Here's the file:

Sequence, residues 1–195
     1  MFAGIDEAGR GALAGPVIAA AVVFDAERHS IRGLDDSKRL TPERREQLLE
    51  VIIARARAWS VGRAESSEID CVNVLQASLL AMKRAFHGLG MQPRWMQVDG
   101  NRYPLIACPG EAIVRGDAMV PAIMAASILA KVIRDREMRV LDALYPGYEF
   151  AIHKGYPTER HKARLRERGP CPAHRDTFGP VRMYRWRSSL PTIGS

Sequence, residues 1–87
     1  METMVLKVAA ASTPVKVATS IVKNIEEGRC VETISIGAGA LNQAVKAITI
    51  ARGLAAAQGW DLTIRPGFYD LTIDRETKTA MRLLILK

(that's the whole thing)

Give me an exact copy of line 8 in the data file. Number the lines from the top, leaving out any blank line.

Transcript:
    51  ARGLAAAQGW DLTIRPGFYD LTIDRETKTA MRLLILK